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Covid in Scotland: How gaming helps people connect during lockdown



Covid in Scotland: How gaming helps people connect during lockdown

Ten-year-old Eva Barr has enjoyed playing computer games for as long as she can remember, but since the pandemic began gaming has become an even bigger part of her life.

Her favourite game is Nintendo’s Animal Crossing and Pikmin 3 because she can talk to her friends and cousins online as they play.

“First of all we can be on a call,” she says. “You can have a little speech bubble above your head and you can type in what you want to say. Even when you’re not on the same island, if they’re online, you can say ‘Good morning,’ or something.

“It feels like you’re outside and you’re doing something, and you can talk to people without having to wear a mask,” she says.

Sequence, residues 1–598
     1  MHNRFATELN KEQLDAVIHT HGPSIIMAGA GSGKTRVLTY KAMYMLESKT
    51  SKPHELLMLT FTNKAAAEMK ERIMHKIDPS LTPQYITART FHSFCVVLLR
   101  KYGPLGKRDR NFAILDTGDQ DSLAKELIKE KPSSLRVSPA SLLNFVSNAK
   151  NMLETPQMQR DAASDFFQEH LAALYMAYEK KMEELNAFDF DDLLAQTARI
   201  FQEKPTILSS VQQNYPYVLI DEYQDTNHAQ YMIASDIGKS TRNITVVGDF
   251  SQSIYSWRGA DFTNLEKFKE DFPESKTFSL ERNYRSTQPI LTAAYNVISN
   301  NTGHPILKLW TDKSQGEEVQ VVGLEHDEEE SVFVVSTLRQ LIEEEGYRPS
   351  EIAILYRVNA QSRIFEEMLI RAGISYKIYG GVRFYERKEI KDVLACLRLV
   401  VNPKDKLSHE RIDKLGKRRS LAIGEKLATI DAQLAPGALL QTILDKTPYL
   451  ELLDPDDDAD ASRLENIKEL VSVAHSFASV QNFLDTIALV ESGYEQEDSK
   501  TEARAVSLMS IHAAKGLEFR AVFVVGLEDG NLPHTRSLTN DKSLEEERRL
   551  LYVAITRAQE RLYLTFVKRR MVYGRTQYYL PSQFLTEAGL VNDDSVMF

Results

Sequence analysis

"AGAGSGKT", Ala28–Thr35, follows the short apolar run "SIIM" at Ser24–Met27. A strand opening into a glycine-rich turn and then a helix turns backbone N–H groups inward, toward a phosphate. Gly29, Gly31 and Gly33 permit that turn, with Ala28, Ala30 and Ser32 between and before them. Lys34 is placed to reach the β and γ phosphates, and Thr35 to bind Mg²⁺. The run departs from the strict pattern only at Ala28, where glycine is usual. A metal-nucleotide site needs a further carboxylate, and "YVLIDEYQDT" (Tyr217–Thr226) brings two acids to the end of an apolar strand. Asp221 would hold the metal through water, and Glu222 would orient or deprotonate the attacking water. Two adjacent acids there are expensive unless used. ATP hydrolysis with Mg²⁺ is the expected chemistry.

Eva thinks she probably got the gaming bug from her dad, Dr Matthew Barr.

A lecturer at Glasgow University with a research interest in video games, he has been looking at how gaming has affected players’ wellbeing during the pandemic.

“We discovered that socialisation was one of the big things,” he says. “That was perhaps one of the most prevalent things to emerge from the work, that games offered folk a way of socialising, of staying in touch.”

“It’s a very common misconception that people will think that games are antisocial. There’s that sort of image of the lone-boy in the basement, it’s always a boy, playing away by himself. But in fact, one of the big draws, one of the big advantages of playing games, is the online sociability.”

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